Lack of trust in financial institutions stops women investing

Emma Duffy By on September 11, 2019
 

Photo by Brooke Cagle on Unsplash

Women wield a huge amount of power when it comes to household finances, with four in five saying they’re responsible for the purchasing decisions at home. Yet a number of barriers continue to hold women back from investing, widening the ‘investment gender gap’.

More than half of Australian women say a lack of trust in banks and financial advisers stops them from seeking out investment advice.

Those are the findings from a study of 800+ women from corporate women’s news publication Women’s Agenda and online investment adviser Stockspot.

While 56% of women said they had seen a financial adviser at some point, for the 57% of those who hadn’t, a “lack of trust in the advice they offer” was the biggest reason why.

Stockspot Head of Advice and Customer Care Sarah King said women trust their own online research more than the advice offered by a financial professional.

“The results indicate a serious trust deficit between women and the traditional sources of financial advice. So much so that above anything else, (57%) of women trust their own online research more,” Ms King said.

“Perhaps, unsurprisingly, the 2018 Royal Commission into the banking sector had eroded some trust women held for traditional banks, with 66% of respondents declaring they agreed or strongly agreed that revelations from the commission had damaged their trust in financial institutions and advisers.”

Infographic source: Stockspot

Other leading barriers to investing were a lack of money to invest with (59%), fear of losing money (48%), lack of knowledge (48%) and a lack of confidence (56%).

Ms King said these barriers may present lost opportunities for women to get the most out of their savings.

“These barriers, perceived or otherwise, are concerning, given women are already disadvantaged when accumulating wealth and establishing financial freedom.

“It is well documented that the gender pay gap, the motherhood penalty, career breaks, caring responsibilities and long stints of working part-time contribute to women falling behind men when it comes to wealth accumulation.

“It’s also common knowledge that women retire with significantly less superannuation than their male counterparts… any gaps in investing could signal missed opportunities for women to help bridge this divide.”

Where are women investing?

When asked where they currently invest their money, 60% said their home was their primary investment. According to ABS statistics, 60% of women own their own home (either with a mortgage or debt-free) compared with 56% of men.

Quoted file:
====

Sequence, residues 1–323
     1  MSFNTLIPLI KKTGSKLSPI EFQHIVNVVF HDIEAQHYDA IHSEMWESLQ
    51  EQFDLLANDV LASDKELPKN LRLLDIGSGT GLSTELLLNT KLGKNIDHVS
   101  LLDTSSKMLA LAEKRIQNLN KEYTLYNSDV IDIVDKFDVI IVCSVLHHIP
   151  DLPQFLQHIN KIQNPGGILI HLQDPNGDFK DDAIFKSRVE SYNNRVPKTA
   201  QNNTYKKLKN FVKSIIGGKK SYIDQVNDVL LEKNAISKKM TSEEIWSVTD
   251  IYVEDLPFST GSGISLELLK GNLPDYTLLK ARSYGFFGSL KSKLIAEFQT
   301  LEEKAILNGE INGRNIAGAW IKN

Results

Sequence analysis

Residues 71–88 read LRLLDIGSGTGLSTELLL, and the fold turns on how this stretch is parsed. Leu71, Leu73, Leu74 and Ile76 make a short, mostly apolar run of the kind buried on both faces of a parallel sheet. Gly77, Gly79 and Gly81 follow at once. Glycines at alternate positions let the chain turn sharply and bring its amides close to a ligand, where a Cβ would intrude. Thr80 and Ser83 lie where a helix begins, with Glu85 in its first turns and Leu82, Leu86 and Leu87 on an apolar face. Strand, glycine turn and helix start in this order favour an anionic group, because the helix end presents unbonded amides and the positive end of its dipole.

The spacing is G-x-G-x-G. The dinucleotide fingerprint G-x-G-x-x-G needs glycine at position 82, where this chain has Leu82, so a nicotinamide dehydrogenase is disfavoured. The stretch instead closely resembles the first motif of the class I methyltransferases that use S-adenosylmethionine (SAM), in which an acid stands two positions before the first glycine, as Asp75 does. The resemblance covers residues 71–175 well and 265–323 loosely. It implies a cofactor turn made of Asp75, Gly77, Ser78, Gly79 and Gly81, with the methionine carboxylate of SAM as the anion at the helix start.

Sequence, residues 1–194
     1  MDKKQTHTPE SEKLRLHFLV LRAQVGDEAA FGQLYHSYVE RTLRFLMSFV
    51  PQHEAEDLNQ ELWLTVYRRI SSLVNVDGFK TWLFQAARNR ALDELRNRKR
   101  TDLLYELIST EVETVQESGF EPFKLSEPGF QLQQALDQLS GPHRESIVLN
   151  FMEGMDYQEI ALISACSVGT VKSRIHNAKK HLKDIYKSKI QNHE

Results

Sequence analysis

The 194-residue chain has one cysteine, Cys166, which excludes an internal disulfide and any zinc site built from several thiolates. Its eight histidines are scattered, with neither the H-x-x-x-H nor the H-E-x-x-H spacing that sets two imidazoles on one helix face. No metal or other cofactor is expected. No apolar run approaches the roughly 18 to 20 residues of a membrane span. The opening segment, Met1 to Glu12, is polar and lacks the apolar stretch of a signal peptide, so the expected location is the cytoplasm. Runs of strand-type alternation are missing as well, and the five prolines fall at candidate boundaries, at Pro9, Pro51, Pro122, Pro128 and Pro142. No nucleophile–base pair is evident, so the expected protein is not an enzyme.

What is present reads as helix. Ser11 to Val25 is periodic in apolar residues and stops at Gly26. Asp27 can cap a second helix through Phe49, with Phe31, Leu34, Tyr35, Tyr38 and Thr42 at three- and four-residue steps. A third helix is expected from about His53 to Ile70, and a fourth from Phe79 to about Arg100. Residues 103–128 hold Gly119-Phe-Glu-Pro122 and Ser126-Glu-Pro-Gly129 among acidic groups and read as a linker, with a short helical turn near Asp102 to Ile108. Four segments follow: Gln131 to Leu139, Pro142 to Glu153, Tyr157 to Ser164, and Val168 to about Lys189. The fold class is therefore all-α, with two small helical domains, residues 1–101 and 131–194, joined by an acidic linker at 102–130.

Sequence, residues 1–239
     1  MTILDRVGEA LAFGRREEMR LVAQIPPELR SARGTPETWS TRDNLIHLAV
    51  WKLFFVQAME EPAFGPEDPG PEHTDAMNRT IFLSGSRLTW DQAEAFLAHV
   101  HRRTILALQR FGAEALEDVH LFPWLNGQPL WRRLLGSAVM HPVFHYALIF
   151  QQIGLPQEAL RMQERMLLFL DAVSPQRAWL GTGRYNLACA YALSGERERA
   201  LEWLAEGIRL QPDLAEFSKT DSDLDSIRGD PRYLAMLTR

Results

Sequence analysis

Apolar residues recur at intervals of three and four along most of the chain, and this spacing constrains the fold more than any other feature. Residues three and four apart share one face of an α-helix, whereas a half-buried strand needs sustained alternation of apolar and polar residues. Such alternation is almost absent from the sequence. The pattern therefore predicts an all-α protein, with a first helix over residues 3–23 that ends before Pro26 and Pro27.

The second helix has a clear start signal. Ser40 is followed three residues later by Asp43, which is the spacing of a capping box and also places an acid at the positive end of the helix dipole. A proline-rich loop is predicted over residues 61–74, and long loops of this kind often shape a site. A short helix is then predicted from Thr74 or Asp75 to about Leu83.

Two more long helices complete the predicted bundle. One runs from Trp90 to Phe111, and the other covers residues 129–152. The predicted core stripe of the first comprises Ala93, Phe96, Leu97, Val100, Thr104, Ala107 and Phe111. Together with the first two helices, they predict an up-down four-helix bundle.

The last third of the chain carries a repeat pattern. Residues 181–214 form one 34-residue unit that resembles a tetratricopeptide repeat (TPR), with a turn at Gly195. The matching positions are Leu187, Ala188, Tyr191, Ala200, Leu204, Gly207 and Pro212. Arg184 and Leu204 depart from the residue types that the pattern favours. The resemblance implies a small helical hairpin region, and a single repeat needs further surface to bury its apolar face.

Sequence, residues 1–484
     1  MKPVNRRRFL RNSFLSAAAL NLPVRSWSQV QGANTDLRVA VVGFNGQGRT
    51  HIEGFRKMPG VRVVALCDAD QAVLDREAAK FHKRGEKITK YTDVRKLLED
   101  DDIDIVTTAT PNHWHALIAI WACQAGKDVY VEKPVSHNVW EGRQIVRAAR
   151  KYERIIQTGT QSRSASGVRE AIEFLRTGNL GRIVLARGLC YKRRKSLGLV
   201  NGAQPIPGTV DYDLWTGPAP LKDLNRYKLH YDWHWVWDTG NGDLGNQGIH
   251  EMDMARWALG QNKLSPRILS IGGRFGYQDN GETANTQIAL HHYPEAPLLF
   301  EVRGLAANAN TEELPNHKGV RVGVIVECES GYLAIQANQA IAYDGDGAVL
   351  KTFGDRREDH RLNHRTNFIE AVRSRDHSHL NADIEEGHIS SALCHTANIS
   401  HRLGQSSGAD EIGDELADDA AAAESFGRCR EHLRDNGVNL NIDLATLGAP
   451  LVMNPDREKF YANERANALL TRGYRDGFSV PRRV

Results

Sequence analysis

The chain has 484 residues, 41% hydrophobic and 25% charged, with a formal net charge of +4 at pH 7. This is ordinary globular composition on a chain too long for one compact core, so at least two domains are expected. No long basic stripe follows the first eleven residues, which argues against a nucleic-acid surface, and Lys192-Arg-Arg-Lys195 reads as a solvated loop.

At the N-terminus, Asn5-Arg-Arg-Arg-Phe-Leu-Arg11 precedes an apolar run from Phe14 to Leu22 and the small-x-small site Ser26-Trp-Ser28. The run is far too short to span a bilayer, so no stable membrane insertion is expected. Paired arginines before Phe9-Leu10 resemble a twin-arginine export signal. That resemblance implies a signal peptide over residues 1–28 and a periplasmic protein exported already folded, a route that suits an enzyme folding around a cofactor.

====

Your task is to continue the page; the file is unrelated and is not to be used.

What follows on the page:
Meanwhile, half (50.4%) of respondents said they were investing their money in a high-interest savings account, while 39% reported making additional superannuation contributions.

Only 38% said they invested in shares, while 29% are putting their money into an investment property.

That number drops even lower for other investment options like term deposits, managed funds, bonds and ETFs.

Just 36% of women under the age of 35 have invested in property compared with 69% over the age of 35. Those under the age of 35 were more likely to be concerned about the risks involved with investing in the stock market.

“While these results for younger women may speak to a lack of experience investing, they could also point to the fact that younger women are more concerned about the risks,” Ms King said.

“At any rate, these findings prove the need for a greater level of financial education.”

Ms King said movies like the Wolf of Wall Street aren’t an accurate depiction of investing.

“Fears around losing money and the risks involved are understandable. We think some of this comes from the unfortunate portrayal of ‘investors’ depicted in films like the Wolf of Wall Street. These characters are not really investors. They’re speculators, and as crude as it sounds, they’re hoping to make a quick buck in the short term. That is risky.

“Obviously there are fears of market crashes as well. But when it comes to investing, the chance of losing money is greatly diminished as long as you’re investing for at least a few years and are broadly diversified across different investments.

Ms King said that when women do invest, they do it well.

“A fascinating study out of the UK’s Warwick Business School found that women’s annual return was 1.80% better than the average man’s return market return. The biggest difference? Women traded less, were less attracted to highly speculative shares and better at staying calm and not reacting to short term news events.”

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Emma Duffy
Emma Duffy joined Savings.com.au as a Finance Journalist in 2019 after spending a year as the editor of The Real Estate Conversation. She's most passionate about improving the financial literacy of millennials by writing about complex financial topics in a way that's easy for the average Joe (or Jill) to understand.

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